Tuesday, 26 March 2013


This is an interview with someone who decided to move to Paris for about four months, I thought this would be good to look at as I can hear about the experience of living the Parisian lifestyle from someone who isn't actually from Paris or even France.


Wow, you decided to move to Paris for four months, how did that come about?
I’ve always thought about living somewhere else other than Sweden. It’s not because I don’t like the country, rather because I want to see more. Paris has been at the top of my mental list for quite sometime now. When I visited it for the third time last spring, everything just felt right and it was a place I wanted to experience for a longer period of time. Since then, I’ve been thinking about moving to Paris to see what it would be like. Perhaps you could call it a “test period” to see if the city and I will agree. You never know if you don’t try it, right? And that’s where I am at the moment.

Carin: “Who wouldn’t want to sit on the back of that Vespa riding along the boulevards and avenues all over Paris?”
You’re originally from Sweden, how was the transition to Parisian life?
Well, many things are quite similar to Sweden and it’s not that big of a cultural leap for me as I imagine it could be for others. But at the same time, some things are also very different from what I’m used to. I’m trying to be like a sponge while I’m here, attempting to soak up as much as I possibly can.
One thing that I’m so fond of over here and that’s different from Sweden is the politeness everyone has towards each other (most of the time anyway). For example, you always greet people with a bonjour Monsieur/Madame and when some (that I’ve encountered) leave the bus, often they never forget to call out bonne journée or au revoir to the bus driver. I can’t even imagine the bus driver’s face if I would call out, “Good bye, have a nice day!” in Sweden. It seems like such a small and silly thing, but I really like it. With that being said, of course not everyone is the same. Each person is still different and has his or her own way.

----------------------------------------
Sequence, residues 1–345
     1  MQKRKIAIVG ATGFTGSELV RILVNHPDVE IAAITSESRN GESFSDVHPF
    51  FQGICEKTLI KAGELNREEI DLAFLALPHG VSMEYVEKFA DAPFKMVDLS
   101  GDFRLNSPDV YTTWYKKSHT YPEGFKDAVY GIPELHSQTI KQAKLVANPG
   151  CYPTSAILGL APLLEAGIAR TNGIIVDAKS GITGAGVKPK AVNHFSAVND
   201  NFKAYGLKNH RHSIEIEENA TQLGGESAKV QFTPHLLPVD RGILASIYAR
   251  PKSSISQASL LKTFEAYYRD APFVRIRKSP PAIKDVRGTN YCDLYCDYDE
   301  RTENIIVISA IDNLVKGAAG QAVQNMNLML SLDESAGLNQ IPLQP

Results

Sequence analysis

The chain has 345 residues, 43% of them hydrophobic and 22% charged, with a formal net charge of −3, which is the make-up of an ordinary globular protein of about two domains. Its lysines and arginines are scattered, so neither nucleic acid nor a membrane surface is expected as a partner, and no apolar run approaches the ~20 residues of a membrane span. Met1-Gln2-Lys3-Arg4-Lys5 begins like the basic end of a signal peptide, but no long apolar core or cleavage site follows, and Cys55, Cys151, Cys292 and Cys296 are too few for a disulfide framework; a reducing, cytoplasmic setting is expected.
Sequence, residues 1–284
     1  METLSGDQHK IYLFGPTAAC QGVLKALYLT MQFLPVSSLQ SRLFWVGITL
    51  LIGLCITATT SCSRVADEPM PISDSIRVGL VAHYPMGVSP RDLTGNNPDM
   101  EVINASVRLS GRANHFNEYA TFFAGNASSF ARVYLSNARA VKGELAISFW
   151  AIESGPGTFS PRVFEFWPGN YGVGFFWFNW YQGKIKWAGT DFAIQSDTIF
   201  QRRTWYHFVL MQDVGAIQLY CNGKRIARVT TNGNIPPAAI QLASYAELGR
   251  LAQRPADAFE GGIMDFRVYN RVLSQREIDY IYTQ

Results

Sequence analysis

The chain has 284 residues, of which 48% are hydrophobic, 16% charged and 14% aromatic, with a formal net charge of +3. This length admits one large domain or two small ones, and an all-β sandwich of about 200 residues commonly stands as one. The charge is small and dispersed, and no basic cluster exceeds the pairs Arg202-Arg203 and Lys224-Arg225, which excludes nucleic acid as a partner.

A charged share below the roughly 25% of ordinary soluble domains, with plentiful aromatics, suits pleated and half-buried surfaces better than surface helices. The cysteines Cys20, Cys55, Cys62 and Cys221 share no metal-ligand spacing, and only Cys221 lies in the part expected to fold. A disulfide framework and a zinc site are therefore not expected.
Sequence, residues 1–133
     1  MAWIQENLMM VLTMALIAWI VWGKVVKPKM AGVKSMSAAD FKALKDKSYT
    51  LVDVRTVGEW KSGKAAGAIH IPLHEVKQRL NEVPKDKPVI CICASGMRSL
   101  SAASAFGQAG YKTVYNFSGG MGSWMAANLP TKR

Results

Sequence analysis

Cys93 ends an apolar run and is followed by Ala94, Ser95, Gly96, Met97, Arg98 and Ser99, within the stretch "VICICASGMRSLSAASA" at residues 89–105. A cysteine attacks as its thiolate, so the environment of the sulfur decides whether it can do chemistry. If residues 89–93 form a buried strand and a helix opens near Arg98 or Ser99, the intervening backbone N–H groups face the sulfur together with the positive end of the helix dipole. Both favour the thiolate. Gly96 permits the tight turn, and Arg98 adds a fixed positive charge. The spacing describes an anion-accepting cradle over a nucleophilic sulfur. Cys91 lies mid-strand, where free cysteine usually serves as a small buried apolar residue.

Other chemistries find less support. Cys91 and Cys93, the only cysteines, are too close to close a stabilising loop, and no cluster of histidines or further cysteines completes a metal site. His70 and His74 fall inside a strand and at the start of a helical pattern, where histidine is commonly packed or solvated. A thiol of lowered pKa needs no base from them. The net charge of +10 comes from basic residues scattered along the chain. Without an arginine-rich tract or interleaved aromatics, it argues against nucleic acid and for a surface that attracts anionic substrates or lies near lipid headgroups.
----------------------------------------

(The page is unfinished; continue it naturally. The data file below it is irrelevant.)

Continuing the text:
Carin: “I picked up a few sweets from Ladurée the other day. Macarons in different flavours: chocolat, fruit noir, framboise, caramel and the Valentine’s Day special – pamplemousse. I have a feeling I will become a pastry and sweet expert after my time here … or at least I should be after all this eating.”
Can you share with us some of your Parisian discoveries? How about things you like to do … for free?
What I like most about the city is to simply walk around. I know that this sounds like such a cliché but I truly love it. Last week, for example, I walked around the St. Germain area, onto the 7th arrondissement and back again. Just walking, stopping whenever I wanted to, visiting small shops, taking pictures and choosing new streets to discover. It’s so relaxing to walk around alone only with your thoughts while getting to know the city a bit better. I think that my uncle gave me the best advice before leaving when he said, “Make time and plans to do absolutely nothing.”

Carin: “A Sunday in Paris. At first it seemed like the city was packed with people, but as soon as I got away from the tourist attractions, the city was totally empty. On some streets, I was even all alone.”
Another thing that I think you should do if you travel or move to another city alone is to learn to eat, sit or just have a cup of coffee all by yourself, especially in Paris! I often find many people here by themselves, just enjoying being alone. To me, this was a scary situation before arriving since I’ve always travelled either with my family, friends or boyfriend. Sometimes, it can still be quite intimidating. But when you overcome that feeling, you often end up having a really great time by yourself.

Carin: “I could sit in this chair for hours, just enjoying the sun. But since it’s quite cold at the moment, and I don’t want my back to freeze to the chair, I think I’ll have to wait a few more weeks (hopefully, only weeks).”

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